Protect, or Deprive of Liberty?

Review by Khalid Ali, Film and Media correspondent

‘The peanut butter falcon’, directed by Michael Schwartz and Tyler Nilson, USA 2019,

Showing at the Love Gala at the BFI London Film Festival, 3, 4th and 11th October 2019.

No one can question the fact that healthcare professionals have a duty of care and protection towards vulnerable patients when these patients are in hospital settings. However, there is a fine line between ‘protection’ and ‘dominance’, between ‘care’ and ‘control’ and between a ‘supportive environment’ and ‘prison’. These themes are skilfully analysed in ‘The peanut butter falcon’ which tells the story of Zak (Zack Gottsagen) a 22-year old man with Down’s syndrome. Zak lives in a retirement care home sharing a room with Carl (Bruce Dern), a kind old man who tolerates Zak’s obsession with wrestling. Zak spends his evenings continuously watching his idol ‘Salt Water Redneck’, a wrestling champion, on VHS tapes. Eleanor (Dakota Johnson) is the kind-hearted social worker who befriends Zak, but tells him off for repeatedly trying to escape the care home. Having lived all his life imprisoned in the care home, Zak is keen to explore ‘real life’ outside; he wants to experience what teenagers his age do, have a birthday party, and pursue his dream of becoming a famous wrestling champion. The care home warden ridicules Zak, and labels him ‘not safe to be allowed into the big wild world on his own’. Encouraged by Carl, his roommate, Zak ultimately manages to escape. While on the run, he hides in a fishing boat that belongs to Tyler (Shia LaBeouf) a wandering angry fisherman running from his own demons. The two forge an unlikely friendship with Eleanor on their trail to take Zak back to ‘safety’. A charming road adventure follows with Tyler becoming a friend and a mentor for Zak teaching him how to swim and fire arms, and advocates for Zak’s right to live independently. However the road to Zak’s free will and autonomy is full of twists and turns.

The film premiered in South by Southwest Film Festival, and was met with unanimous acclaim being awarded the Narrative Spotlight Audience Award. It is obvious that the film directors who also wrote the script champion Zak’s right to dictate his future. Zack Gottsagen makes for an appealing hero cheered by the audience when he defies a system that incarcerates him. Zak is full of life and wisdom; in a poignant scene of role-reversal, Zak becomes Tyler’s carer and provides him with a crying shoulder.

While watching the film, I reflect on how many times healthcare professionals stopped patients from going home because of worry that they might fall or hurt themselves, and deemed them ‘not safe to be allowed into the big wild world on their own’. How many times patients have been ‘deprived of their liberty’ because of an over-protective culture that is risk-averse. Patients who lack capacity are the most vulnerable ones to end up in such situations. Zak’s story challenges our fixed beliefs that ‘we know better’. We are urged to consider situations from the viewpoint of people we care for. Some empathetic members of social care institutions who uphold their patients’ right to choose as represented by Eleanor are condemned by their managers and chased by the police if they support an ‘unwise decision’ taken by those patients.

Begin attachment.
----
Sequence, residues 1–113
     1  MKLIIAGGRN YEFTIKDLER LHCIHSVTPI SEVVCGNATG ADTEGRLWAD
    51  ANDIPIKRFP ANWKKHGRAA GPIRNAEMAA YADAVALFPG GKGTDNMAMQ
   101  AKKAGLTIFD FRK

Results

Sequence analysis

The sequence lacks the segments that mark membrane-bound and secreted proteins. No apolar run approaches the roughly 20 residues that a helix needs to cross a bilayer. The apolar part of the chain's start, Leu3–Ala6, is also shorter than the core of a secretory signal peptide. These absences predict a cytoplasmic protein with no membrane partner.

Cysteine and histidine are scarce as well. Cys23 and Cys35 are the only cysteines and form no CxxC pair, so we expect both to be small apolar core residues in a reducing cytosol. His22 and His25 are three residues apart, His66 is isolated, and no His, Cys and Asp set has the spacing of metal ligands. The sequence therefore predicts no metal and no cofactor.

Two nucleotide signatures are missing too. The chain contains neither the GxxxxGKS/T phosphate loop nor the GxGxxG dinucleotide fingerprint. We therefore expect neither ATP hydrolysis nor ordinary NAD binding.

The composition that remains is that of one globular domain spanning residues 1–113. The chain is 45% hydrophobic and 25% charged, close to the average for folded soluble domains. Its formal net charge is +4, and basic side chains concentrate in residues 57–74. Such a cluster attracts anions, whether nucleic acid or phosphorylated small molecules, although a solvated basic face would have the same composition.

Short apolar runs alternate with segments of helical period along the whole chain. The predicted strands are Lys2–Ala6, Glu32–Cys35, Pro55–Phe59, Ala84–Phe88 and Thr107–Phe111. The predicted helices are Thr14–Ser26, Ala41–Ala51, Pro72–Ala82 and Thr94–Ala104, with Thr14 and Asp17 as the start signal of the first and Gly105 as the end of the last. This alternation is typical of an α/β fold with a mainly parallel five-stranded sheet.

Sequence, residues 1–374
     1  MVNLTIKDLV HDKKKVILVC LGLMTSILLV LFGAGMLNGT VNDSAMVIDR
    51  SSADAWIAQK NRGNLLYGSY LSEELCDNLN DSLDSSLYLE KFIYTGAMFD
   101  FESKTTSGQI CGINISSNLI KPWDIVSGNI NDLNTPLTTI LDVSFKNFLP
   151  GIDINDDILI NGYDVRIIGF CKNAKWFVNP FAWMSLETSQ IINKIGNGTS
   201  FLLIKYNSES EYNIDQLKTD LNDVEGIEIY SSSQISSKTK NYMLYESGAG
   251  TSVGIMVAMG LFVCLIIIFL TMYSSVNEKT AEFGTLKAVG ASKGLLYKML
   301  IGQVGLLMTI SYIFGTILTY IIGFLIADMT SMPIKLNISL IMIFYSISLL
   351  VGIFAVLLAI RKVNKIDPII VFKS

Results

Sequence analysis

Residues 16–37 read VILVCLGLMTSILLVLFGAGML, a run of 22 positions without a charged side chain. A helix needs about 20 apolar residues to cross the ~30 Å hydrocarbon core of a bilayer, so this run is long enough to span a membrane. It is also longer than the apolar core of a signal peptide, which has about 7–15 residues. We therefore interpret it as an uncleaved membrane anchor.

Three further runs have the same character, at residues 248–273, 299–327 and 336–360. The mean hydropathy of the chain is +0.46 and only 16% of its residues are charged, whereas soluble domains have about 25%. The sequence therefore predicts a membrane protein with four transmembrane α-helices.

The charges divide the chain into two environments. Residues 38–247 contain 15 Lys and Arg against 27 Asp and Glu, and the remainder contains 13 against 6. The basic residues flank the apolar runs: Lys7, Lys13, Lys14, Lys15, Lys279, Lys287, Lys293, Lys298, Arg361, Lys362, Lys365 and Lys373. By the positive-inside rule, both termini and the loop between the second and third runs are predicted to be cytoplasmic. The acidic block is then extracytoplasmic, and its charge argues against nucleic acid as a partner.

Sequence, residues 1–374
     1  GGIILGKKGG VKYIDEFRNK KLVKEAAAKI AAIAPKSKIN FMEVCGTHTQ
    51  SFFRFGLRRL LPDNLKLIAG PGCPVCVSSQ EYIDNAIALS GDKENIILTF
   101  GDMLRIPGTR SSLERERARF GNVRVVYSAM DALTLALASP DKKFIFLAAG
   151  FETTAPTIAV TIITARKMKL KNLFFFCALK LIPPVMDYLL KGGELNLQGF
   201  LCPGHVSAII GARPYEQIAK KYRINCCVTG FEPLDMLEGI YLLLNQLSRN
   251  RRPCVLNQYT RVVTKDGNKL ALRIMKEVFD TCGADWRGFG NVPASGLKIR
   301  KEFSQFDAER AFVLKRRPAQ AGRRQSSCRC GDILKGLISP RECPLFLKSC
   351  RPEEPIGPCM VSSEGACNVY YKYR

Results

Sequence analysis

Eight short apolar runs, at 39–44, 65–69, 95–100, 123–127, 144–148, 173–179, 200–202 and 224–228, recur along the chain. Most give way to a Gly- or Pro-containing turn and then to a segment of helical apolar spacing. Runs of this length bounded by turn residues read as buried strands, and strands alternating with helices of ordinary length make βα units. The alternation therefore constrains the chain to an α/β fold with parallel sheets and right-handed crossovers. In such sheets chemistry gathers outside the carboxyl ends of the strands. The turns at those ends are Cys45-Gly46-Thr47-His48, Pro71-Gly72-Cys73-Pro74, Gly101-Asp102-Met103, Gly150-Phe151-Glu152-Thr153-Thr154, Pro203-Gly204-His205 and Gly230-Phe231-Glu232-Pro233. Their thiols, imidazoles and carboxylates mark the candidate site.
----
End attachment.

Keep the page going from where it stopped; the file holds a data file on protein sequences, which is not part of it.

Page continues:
The film reminded me of the landmark Supreme Court judgment in the case of ‘P’ who had cerebral palsy and Down’s syndrome. P’s mother challenged care home authorities stating that ‘P’ was not free to leave his placement and hence was ‘deprived of his liberty’. The Supreme Court ruled that ‘disabled people should not face a tougher standard for being deprived of their liberty than non-disabled people’. Baroness Hale commented ‘’A gilded cage is still a cage’’.  (https://ukhumanrightsblog.com/2014/04/08/a-gilded-cage-is-still-a-cage-supreme-court-on-deprivation-of-liberty-for-the-mentally-incapacitated/)

In the film, Zak has never had a ‘capacity assessment’ for his ‘preferred home’. However the question remains whether capacity assessments done by specialists can amicably resolve such complicated issues? These assessments might help, but not always, as they can be used to undermine the same people we are trying to act in their best interests.

Depriving people with special needs of their ‘right to choose’ is inherently flawed; it is a fundamental Human Right to decide where to live and with whom. In challenging our fixed beliefs that ‘we’ know better’, Zak ‘the peanut butter wrestling champion’ reminds us that health and social care professionals  are there to ‘care and protect’ and not to ‘incarcerate’.

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